Dealer for Phase One, Mamiya Leaf, Arca-Swiss, Cambo, Profoto
Office: 877.367.8537
Cell: 740.707.2183
Phase One IQ250 FAQ
Doug Peterson
Sr. Member
****
Offline Offline

Posts: 2819


WWW
« Reply #9 on: May 25, 2013, 01:43:19 PM »
ReplyReply

This is great to see. Thanks for doing this. Will you be adding to your lens list? Maybe the Apo Sironars (good value), and also the just previous version of the Rodie 90 HRW.

You're welcome. We don't have plans at the moment to cover legacy lenses in this chart. But it's not out of the question for the future. Thanks for the suggestion! Lenses like the 90HR-W are indeed a good value, especially for lower res backs.
Logged

DOUG PETERSON (dep@digitaltransitions.com), Digital Transitions
Dealer for Phase One, Mamiya Leaf, Arca-Swiss, Cambo, Profoto
Office: 877.367.8537
Cell: 740.707.2183
Phase One IQ250 FAQ
torger
Sr. Member
****
Offline Offline

Posts: 1512


« Reply #10 on: May 26, 2013, 04:40:13 AM »
ReplyReply

I don't think it is the IQ180 that has made technical cameras look "bad."

Yes I guess it's the way one likes to see it. I'm not particularly fond of overly complex retrofocus lens designs with distortion, ie I prefer Schneiders "old school" designs. Personally I think some of the Rodies push the resolution aspect too far and optimal aperture too large, sacrificing some of the traditional large format properties. Resolution is not the only aspect of image quality. I hope not all lenses will be pushed down that road, and when the IQ260 appeared which is going to be the next number one high-end tech cam choice I'm sure, it feels a bit better as it works better with traditional designs.
« Last Edit: May 26, 2013, 08:36:44 AM by torger » Logged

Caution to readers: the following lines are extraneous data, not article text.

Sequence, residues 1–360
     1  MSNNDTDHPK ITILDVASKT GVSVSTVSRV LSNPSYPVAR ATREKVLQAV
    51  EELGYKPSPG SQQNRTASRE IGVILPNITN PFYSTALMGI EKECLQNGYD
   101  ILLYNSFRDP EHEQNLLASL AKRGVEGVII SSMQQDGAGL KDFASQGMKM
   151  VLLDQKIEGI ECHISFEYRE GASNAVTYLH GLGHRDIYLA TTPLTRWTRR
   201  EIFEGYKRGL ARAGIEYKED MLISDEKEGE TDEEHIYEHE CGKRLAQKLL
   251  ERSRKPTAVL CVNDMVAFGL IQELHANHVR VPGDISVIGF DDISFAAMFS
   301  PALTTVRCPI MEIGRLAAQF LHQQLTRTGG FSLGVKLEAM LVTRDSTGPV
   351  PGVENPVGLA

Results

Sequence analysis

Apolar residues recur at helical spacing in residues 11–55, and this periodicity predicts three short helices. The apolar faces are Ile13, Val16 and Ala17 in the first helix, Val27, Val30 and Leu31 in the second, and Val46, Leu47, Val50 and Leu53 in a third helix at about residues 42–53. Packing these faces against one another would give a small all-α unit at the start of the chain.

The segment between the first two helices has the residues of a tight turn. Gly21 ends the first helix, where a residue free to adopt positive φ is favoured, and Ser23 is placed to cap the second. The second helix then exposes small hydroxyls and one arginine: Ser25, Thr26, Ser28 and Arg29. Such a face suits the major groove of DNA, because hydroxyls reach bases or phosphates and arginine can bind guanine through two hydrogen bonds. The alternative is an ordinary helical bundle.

Chris Barrett
Full Member
***
Offline Offline

Posts: 246


« Reply #11 on: May 26, 2013, 08:53:44 AM »
ReplyReply

This is freakin awesome, Doug.  Where's the iApp?  Heh...
Logged
Ken R
Sr. Member
****
Offline Offline

Posts: 466


WWW
« Reply #12 on: May 26, 2013, 09:45:21 AM »
ReplyReply

Doug, Lance and the DT tools helped me a lot in me getting the right gear with confidence. I wanted this camera to do primarily Landscape and some Architecture photography.

The Arca rm3di is just a superb camera and the 40mm HR is just perfect if you want a wide angle that can do a lot of movement without extreme lcc corrections. It works great with the IQ160 and should with any future back. I have made some shots where I have used rise, shift and tilt in the same capture. On average I am using about 10mm rise/fall and have used up to 12.5mm with amazing results. If you are on the fence about the schneider wide angles or the Rodenstock and are planning on using a large sensor back (60/80mp) do not mess about and get the Rodenstock.

The lens is in another realm of optical quality compared to any lens I have ever used. Edge to edge.

Logged
Doug Peterson
Sr. Member
****
Offline Offline

Posts: 2819


WWW
« Reply #13 on: May 29, 2013, 10:32:43 AM »
ReplyReply

This is freakin awesome, Doug.  Where's the iApp?  Heh...

I know C++, Javascript, Applescript, HTML, CSS, SQL, and an obscure Vibration Analysis macro language. I'm no wiz with them, but I can usually stumble my way through making a useful tool. But for some reason when I tried learning to code for iOS a few years ago or so I stalled hard. It seems like, just with cameras, some programming languages/environments jive with some users and not others.

I might try it again this fall. The iOS tools have improved since then and I've got more coding experience.
Logged

DOUG PETERSON (dep@digitaltransitions.com), Digital Transitions
Dealer for Phase One, Mamiya Leaf, Arca-Swiss, Cambo, Profoto
Office: 877.367.8537
Cell: 740.707.2183
Phase One IQ250 FAQ
Pages: [1]   Top of Page
Print
Jump to:  

Ad
Ad
Ad